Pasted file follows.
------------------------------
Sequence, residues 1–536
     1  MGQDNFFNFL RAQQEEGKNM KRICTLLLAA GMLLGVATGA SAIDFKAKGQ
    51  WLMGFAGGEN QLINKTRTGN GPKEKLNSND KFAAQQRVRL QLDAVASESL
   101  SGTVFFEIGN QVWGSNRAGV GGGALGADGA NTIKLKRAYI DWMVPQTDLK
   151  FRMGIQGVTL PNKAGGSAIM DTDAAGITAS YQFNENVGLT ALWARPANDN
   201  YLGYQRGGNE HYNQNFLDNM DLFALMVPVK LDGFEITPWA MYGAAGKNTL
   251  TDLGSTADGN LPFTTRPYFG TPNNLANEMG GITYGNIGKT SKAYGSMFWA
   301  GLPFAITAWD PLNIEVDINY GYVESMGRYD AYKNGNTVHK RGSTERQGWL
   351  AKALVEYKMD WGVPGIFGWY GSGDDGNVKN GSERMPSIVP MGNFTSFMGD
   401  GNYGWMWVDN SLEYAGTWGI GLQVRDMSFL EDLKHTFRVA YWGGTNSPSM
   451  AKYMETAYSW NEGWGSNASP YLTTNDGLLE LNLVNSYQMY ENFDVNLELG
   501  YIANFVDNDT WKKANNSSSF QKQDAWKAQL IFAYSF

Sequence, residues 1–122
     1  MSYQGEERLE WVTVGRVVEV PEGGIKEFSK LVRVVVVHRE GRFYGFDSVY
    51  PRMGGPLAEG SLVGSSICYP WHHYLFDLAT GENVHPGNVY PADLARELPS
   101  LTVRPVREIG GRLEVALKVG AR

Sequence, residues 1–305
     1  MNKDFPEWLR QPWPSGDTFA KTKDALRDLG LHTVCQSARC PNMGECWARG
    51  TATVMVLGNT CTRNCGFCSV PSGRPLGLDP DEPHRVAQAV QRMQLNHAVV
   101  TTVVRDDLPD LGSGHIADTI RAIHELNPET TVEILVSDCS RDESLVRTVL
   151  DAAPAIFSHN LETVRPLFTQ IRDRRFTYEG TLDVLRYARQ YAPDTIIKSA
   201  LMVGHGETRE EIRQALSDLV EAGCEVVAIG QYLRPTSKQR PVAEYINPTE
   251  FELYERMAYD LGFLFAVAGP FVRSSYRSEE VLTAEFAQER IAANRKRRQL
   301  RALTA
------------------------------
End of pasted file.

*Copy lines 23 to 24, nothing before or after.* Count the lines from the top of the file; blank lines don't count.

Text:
   251  FELYERMAYD LGFLFAVAGP FVRSSYRSEE VLTAEFAQER IAANRKRRQL
   301  RALTA